The short-eared tree porpoise, like some other whales, is a very capable swimmer. Nevertheless, the animal is very hydrophobic and will enter the water only when absolutely necessary, such as when pursued by a dingo. Despite its swimming abilities, if the porpoise finds itself in water more than 2 - 3 inches (some centimeters) in depth, it will certainly drown.
Unlike virtually all other cetaceans, tree porpoises cannot echolocate. However, it is thought they can predict the future, at least to an extent (see below).
Predominately herbivorous, the short-eared tree porpoise has a very specialized niche and as such it has a very specific diet. Over 80% of the porpoise's calories come from grains that grow in open meadows, mostly oats but also wheat and rice. It also eats a large amount of fruits, mainly citrus but also plums, peaches, and nectarines. When available, the short-eared tree porpoise will also eat the leaves from some trees, the bark from most trees, butternut squash, and celeriac and if necessary it will also eat mud, preferably with a high dirt content as opposed to mud that is mostly water. Recent research indicates that the short-eared tree porpoise may be more omnivorous as once thought, with recently beached specimens being found to contain both turtles and monkeys in their stomachs as well as the more typical plant matter.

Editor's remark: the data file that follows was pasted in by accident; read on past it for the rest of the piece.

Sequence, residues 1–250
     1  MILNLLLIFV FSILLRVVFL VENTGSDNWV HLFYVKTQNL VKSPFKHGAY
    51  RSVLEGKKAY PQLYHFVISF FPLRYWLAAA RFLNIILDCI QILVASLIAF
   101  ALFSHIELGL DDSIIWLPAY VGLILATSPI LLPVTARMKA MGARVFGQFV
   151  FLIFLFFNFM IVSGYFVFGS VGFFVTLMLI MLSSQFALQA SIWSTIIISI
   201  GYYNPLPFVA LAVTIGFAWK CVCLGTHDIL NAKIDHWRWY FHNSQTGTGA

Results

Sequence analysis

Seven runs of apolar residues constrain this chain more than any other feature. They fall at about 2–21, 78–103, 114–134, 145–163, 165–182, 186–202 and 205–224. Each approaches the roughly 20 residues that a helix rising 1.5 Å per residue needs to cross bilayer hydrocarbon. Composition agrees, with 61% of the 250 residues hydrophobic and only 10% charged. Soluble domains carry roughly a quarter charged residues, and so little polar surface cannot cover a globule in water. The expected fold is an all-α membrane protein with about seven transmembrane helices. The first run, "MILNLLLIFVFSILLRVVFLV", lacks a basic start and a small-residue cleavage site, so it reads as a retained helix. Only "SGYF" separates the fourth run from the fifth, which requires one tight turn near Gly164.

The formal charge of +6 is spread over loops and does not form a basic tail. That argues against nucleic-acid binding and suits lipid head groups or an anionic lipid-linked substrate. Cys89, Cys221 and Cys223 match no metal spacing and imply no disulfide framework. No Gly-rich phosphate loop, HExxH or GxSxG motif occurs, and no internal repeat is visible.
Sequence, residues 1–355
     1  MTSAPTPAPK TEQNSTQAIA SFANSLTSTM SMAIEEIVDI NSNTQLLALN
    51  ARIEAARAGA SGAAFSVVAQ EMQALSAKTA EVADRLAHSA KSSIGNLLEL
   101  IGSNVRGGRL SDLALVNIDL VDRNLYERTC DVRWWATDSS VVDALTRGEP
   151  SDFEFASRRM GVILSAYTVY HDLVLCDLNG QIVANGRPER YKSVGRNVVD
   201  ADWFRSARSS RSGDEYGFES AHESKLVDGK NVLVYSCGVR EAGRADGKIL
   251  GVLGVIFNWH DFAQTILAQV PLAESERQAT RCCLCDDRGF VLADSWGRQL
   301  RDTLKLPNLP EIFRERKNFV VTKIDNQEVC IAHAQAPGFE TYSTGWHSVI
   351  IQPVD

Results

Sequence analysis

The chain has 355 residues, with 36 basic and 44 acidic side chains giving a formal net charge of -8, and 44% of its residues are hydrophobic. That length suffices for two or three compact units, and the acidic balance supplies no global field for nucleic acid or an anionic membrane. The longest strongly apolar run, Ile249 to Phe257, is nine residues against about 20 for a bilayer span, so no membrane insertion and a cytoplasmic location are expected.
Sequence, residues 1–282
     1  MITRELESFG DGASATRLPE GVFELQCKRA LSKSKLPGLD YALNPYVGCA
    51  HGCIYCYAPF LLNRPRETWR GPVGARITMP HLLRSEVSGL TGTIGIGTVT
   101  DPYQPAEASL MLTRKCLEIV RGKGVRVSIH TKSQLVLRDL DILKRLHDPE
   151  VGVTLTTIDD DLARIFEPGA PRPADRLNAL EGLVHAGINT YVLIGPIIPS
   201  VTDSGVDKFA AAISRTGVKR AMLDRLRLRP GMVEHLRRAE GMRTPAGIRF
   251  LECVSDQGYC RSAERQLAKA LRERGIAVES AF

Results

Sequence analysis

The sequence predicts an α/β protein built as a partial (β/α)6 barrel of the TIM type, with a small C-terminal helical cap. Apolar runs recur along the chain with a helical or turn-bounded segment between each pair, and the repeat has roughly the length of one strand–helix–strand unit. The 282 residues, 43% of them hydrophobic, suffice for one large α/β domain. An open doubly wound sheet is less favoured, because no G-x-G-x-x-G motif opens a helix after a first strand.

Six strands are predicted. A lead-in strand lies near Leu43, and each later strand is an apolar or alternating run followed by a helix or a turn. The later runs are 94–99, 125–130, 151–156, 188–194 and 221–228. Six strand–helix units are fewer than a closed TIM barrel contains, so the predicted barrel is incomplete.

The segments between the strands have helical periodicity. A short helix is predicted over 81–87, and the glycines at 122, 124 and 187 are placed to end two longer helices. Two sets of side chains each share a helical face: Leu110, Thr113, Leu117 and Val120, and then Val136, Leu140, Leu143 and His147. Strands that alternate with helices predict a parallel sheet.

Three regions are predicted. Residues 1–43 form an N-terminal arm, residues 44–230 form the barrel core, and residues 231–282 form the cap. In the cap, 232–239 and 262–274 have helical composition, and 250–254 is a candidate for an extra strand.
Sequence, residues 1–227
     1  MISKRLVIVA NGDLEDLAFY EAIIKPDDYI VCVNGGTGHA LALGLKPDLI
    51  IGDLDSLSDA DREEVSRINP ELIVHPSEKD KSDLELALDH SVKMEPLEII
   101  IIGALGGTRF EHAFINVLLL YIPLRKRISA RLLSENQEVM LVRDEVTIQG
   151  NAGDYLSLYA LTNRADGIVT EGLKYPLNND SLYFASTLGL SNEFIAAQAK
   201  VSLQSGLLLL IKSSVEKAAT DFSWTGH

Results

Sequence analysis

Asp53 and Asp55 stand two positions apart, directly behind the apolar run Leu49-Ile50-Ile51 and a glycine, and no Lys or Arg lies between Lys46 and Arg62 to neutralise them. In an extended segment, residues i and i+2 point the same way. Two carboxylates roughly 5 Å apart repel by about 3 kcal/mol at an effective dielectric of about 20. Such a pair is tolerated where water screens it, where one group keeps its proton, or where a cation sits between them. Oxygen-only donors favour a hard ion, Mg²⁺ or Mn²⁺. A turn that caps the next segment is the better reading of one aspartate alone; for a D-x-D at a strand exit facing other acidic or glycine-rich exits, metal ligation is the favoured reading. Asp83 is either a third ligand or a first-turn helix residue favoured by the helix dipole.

Reproduction in the tree porpoise is quite similar to that of most other marine mammals, except that tree porpoises do it hanging upside from tree branches.
A male tree porpoise, blushing bright blue, hangs upside from their preferred branch and waits silently for a female to pass. If she does, he sends out his long, slimy chin tentacles, often eleven feet long and coated in barbed spines that inject neurotoxic venom into whatever they touch, and pulls her towards him. For little understood reasons, she often resists, squealing and biting viciously with her thousands of needle-like mandibles while pooping copiously all over the male, screaming increasingly loudly in complete terror and often reducing his limbs and face to bloody stumps, but if he can hold on for eleven or so hours, she may calm down or die and they begin to copulate, sometimes for up to a minute.
Then the porpoises separate and go there own ways. The male may service up to one female in a particularly good season but usually mates with fewer. The female, meanwhile, will go down to the ground and dig a burrow. The burrow may go four-hundred feet down into the soil, and at the end will be a small cavity lined with dry grass, soft feathers, and dried leaves plucked from her own breast. She may now enter a state of semi-dormancy, her heartbeat and respiration slowing considerably or even ceasing altogether, for up to four months, during which time she does not eat, drink, or urinate but may poop over seven hundred times per day. When she wakes, she will also have given birth to either three or nine little poopy purple puplets, only as big as guinea pigs but fully-furred and already equipped with the 5,000 odd sharp teeth they will use later in life.